Here’s just about all you need to know about “The Trash And The Snake”: Boyd and Wynn Duffy’s story tonight features their meeting up with Lewis Mago, a drug-addled break-in expert known as the Wizard who spends his time hanging with his short-shorts- and snake-clad girlfriend and who happens to be played by Jake “Not As Crazy as Gary (But Then Who Is?)” Busey. They then watch in dumbfounded horror as the space-out idiot blows himself to smithereens because he messed up his cellphone instructions. And that’s the throwaway subplot. All that happens and then is summarily forgotten without further comment.

Other shows might devote an entire episode to cleaning up the literal mess created by the Wizard’s shocking demise. Most shows would at least take a moment to let their two main characters register some kind of response to the frankly incomprehensible horror they have just witnessed. But Justified doesn’t have time for any of that shit. It’s got much more important business to attend to elsewhere, so instead the Wizard storyline becomes just about the purest, darkest distillation of this show’s Elmore Leonard-infused, shaggy-dog storytelling. The story is close to pointless, and it’s cartoonish as all hell, and it’s easy to argue that it illustrates everything wrong or everything perfect about Justified, depending on your particular tastes. Either way, the Wizard blowing himself up is treated as just another item to be lost in the shuffle, and that requires guts. (Pretty sure the Wizard is done with his, so that’s fine.)

It also requires an episode that has so much else on its mind that such a big moment has to be relegated to mere sideshow, and “The Trash And The Snake” has plenty of other things on its mind. It’s fitting, given Justified’s longstanding invocations of the western genre, that Raylan would talk of homesteaders when discussing Avery Markham’s land grabs. Previous threats have sought to corrupt Harlan, at least to the extent that a place like Harlan can be further corrupted, but Avery presents a more fundamental threat, one that eclipses even Mags Bennett’s plan to sell off to a mining conglomerate. Boyd says it best at the end, when he explains to Ava how much of the local infrastructure Avery needs to control to make his soon-to-be-legal fortune with Kentucky-grown weed. Avery plans to systematically destroy Harlan, rebuild it as his own personal criminal empire, and then make the whole damn thing legitimate in the eyes of the law.

The fact that so much of “The Trash And The Snake” turns on the legality of the weed business creates an opening for social or political commentary, but the episode doesn’t really pursue that route. Again, we’re talking about homesteaders here, which means this is a conflict with far deeper and far more primal motivations than some transient national conversation about marijuana legalization. Avery got into the weed business likely for much the same sorts of reasons that Mags Bennett and Hot Rod Dunham were in it: because it was a low-risk, high-profit business, and it attained both those qualities because it represented a respectable kind of criminality. Under those circumstances, it only takes a tiny push to move into legitimate territory, but the episode doesn’t let us forget that anything as valuable as land—and that’s really what this is about, whether it’s the 19th century or the 21st—is going to attract those willing to go to anything lengths to acquire it; indeed, they are the likeliest to succeed, almost by definition.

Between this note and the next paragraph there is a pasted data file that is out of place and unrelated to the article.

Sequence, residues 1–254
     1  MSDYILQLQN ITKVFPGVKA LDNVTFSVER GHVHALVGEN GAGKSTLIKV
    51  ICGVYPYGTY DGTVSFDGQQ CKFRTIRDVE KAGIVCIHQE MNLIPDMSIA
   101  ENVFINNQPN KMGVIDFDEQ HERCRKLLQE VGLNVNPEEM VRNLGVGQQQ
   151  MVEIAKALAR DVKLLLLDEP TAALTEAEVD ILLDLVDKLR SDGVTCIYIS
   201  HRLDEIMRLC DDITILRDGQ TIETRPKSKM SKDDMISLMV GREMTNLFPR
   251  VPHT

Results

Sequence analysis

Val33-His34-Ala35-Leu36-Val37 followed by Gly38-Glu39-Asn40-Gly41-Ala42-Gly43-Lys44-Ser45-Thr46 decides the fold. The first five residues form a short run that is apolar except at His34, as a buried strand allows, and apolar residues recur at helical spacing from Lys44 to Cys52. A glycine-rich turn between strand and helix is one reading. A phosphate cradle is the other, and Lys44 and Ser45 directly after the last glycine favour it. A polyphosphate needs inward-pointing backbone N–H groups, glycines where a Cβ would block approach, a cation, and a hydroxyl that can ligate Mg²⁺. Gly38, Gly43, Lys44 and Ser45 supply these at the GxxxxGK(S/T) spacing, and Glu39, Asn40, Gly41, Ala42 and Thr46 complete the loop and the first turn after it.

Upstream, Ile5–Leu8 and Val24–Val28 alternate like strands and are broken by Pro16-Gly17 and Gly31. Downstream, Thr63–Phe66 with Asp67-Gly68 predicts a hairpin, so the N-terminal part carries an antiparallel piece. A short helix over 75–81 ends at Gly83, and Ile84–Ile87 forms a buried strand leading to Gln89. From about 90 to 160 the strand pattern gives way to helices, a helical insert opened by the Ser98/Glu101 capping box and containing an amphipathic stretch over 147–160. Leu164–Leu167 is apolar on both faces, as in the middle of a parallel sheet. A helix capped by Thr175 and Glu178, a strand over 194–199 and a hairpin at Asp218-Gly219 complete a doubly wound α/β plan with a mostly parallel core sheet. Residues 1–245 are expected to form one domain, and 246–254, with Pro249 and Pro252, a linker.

What all of this does do is expand the scope of Justified’s final season into something that transcends the more intimate struggles between Raylan, Boyd, and Ava. I don’t mean to keep picking on the fifth season—I quite liked it, I swear!—but it did suffer from a certain insularity, as the Crowes were not compelling enough to carry their share of the narrative load and so the show had little choice but to stare ever more closely at its main characters. That isn’t a bad thing in and of itself—hell, that really ought to be a good thing—but that sort of deep examination of the show’s core elements requires a larger context in which to operate. The coming of legal weed and the latter-day land wars provide a worthy stage, and Avery Markham is fast shaping up to be a larger foe on par with any Justified has previously given us.

Mags Bennett’s legacy is allowed to loom large over this episode—Avery is well aware that Loretta might be pulling Mags’ old trick with the apple pie—and Sam Elliott does not wilt at the comparison. Indeed, given how many other foes have been done in by their ignorance of Harlan’s history, Avery really establishes the full scope of the threat he represents when he recalls the very first threat we ever saw Raylan make. The show’s past is no longer something that exists purely to haunt the characters, because the likes of Avery and Katherine Hale know how to fashion it into most deadly weaponry.